We left Helena and headed south on I-15 for a short drive of about 70 miles to the city of Butte. There was nothing in particular that we wanted to see there, but since it was on our route, we thought it might merit a visit. So we made a three night reservation at the Butte KOA and, once set up there, headed over to the visitor center next to the park to see what we might want to visit in the area. It turns out Butte is a pretty interesting town, with plenty of history.
Downtown Butte, MT
Established in 1864 as a mining camp , Butte experienced rapid development in the late 1900’s, and was Montana’s first major industrial city. In its heyday it was one of the largest copper boomtowns in the west.
Butte’s slogan is the “richest hill on earth.” Over the course of its history, Butte’s mining operations generated an excess of $48 billion worth of gold, silver, and copper. But the mining has also resulted in numerous environmental implications for the city and it is the site of the largest superfund effort in the U.S which include removing and cleaning the soil, as well as, adding many walking/biking trails throughout the town and hillsides. Today the hill overlooking the city contains the remains (huge headframes or main above-ground structures) of numerous shafts mines with a three mile walking/biking loop that highlights each mine.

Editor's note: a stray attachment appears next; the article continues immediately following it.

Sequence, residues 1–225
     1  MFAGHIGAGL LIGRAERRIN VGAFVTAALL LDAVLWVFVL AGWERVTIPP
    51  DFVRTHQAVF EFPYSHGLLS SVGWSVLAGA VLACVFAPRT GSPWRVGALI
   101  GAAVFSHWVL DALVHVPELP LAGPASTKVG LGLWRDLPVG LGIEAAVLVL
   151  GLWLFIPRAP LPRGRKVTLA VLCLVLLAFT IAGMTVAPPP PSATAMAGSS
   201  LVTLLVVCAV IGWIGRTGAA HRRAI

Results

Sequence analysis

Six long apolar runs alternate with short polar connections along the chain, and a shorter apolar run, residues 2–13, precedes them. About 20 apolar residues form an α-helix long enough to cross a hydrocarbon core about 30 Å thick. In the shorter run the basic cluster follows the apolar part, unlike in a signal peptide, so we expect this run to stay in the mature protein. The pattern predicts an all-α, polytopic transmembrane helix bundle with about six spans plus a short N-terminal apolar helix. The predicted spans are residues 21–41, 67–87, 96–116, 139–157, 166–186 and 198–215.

The Con – Mountain Con Mine
Butte’s elevation is over a mile high, the Con is a mile deep
As we drove around the mining hillside on the north side of the city we came upon a memorial to the 1917 Speculator Mine Disaster, the most deadly event in underground hard rock mining in U.S. history. As part of a fire safety system, the mining company was installing an electric cable down into the Granite Mountain mine. During installation the cable fell into an area approximately 2,500 feet below the surface and was damaged. When a foreman with a carbide lamp tried to inspect the damage, he accidentally ignited the oil-soaked cloth insulation on the cable. The fire quickly climbed the cable, and turned the shaft into a chimney, igniting the timbers in the shaft and consuming oxygen in the mines.
A total of 168 miners died in the ensuing blaze, most from asphyxia. Some of the miners did not die immediately, they survived for a day or two in the tunnels underground. Some left notes written while they waited in hopes of rescue. A few managed to barricade themselves behind bulkheads in the mine and were rescued after as long as 55 hours.
The Butte Chamber of Commerce offers a trolley car tour of the city leaving periodically each day from the visitor center next door to the RV park. We purchased tickets in the morning and boarded the trolley for the noon tour.
The tour meandered through the city while the driver, a life long resident of Butte, gave an interesting running narration of the sights. The trolley only makes one stop, a visit to the Berkeley Pit, a former open pit copper mine opened in 1955 and closed in 1982.
A young, energetic couple block the mine entrance
A tunnel leads through the surrounding wall of the pit to an observation deck.